OKLAHOMA CITY -- With about 30 seconds left, the standing crowd of 18,203 in Oklahoma City erupted into a chant that almost seemed like a release of two hours filled with tension and nerves.
Well, you're most definitely getting them.
Westbrook, who took quite the beating over these seven games, notched the first triple-double in a Game 7 since Scottie Pippen in 1992.
"I was just trying to get my teammates as easy as shots as possible," Westbrook said. "I just always do my best to play my game. That's it. Kevin just told me not to pay attention to what any of you guys are saying."
In a series as nip-and-tuck as this one, what it finally took for the Thunder to gain the ultimate separation was spectacular play from their three best players. Surprising, I know.
And Nick Collison. Never forget about Nick Collison.
"I think Nick was probably the best player on the floor for us tonight," Durant said.
|Grizzlies-Thunder: Game 7|
The stats agree. With Collison and Harden on the floor, the Thunder beat the Grizzlies 70-49. Without them, Memphis was ahead 41-35. Collison, normally a man forgotten by the box score, actually had a nice line though -- eight points, 12 rebounds and three blocks ... and a plus-21 in 33 minutes.
The game really turned in the third quarter after Harden and Collison re-entered the contest for the Thunder. In Game 6, Oklahoma City held a 10-point lead at the break but Memphis came out of the locker room cooking. In Game 7, with Scott Brooks not keen on switching his second half starting five, it was up to that group to hold on tight.
It didn't go well at first. The Thunder started 0 for 5 from the floor, picked up two technical fouls and the Grizzlies chewed into OKC's lead, getting it to four twice and three once. But OKC held on for seven minutes before its reinforcements arrived, still ahead six as Collison and Harden came back. Once that happened, the Thunder finished the quarter a plus-16.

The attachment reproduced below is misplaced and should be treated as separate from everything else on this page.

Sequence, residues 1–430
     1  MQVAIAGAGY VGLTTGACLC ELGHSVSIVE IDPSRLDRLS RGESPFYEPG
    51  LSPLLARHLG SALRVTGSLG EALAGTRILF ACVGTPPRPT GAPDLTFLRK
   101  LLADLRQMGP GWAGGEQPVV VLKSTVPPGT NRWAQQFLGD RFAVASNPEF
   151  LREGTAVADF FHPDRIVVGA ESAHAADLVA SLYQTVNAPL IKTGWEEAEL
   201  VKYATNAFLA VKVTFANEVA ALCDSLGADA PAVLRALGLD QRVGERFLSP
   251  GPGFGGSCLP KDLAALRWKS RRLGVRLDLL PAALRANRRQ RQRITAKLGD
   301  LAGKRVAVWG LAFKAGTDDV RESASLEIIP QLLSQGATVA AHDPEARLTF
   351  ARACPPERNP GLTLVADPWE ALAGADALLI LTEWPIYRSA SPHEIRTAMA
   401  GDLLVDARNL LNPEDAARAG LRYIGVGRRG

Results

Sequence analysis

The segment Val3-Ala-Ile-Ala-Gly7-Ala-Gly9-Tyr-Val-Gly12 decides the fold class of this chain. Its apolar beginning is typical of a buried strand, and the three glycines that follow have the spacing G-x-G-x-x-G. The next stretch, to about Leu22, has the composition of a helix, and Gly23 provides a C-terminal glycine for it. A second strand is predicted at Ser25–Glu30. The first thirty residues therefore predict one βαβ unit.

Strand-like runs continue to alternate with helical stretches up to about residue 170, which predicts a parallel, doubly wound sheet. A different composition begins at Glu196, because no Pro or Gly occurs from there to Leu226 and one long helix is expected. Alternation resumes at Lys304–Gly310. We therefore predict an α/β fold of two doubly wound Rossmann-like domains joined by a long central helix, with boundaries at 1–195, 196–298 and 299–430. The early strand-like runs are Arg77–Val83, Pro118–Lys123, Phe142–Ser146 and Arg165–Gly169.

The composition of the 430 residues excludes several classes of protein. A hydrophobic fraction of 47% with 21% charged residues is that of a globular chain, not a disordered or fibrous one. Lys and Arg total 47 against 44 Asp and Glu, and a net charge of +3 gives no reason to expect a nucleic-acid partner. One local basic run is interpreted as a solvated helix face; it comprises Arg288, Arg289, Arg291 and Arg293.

Grizzlies coach Lionel Hollins said after the game that Harden and Collison were the keys throughout the series. Collison did the dirty work -- guarding Zach Randolph heroically, tipping rebounds and scoring on putbacks. Harden served almost as the perfect glue between Westbrook and Durant, giving the Thunder a third man to touch the ball and relieve some of the tension in the OKC offense.
Now, of course, it's a question as to if Collison and Harden can have a similar impact against the Mavericks. Zach Randolph turns into Dirk Nowitzki and the 46-win Grizzlies turn into a Dallas squad that just swept the defending champions right out their door.
The Thunder rose to the occasion in a big Game 7 by hitting shots, getting stops and wearing Memphis down with talent. With things becoming a bit more even, can this young group do it again? Sure, the pressure of a Game 7 was intense, but we're talking Western Conference finals here. Is it too much too soon for this team that two years ago was still supposed to be three years away?
"It's another good step for our organization," Scott Brooks said. "Our goal was, just like all the other 29 teams, is to win a championship and we're no different. We know that the process is long and hard and you can't skip steps and you don't get there quickly. To get to the conference finals is a great opportunity for our group, but it is important that we keep playing. Dallas presents a lot of problems."
Indeed they do. The further you go, the tougher it gets. The Thunder have just a couple of days to get ready to start their next series against a team that's been resting for a week.
For a franchise that was in another city three years ago and started its inaugural season 3-29 in their new home, Sunday's win is quite a sweet thing to savor. It almost seems natural to just hang a hat on this achievement and feel a sense of satisfaction.
But that raucous sea of blue sent a clear message those last 30 seconds. They want Dallas. And something tells me Durant, Westbrook, Harden and the rest of this Thunder group kind of want them too.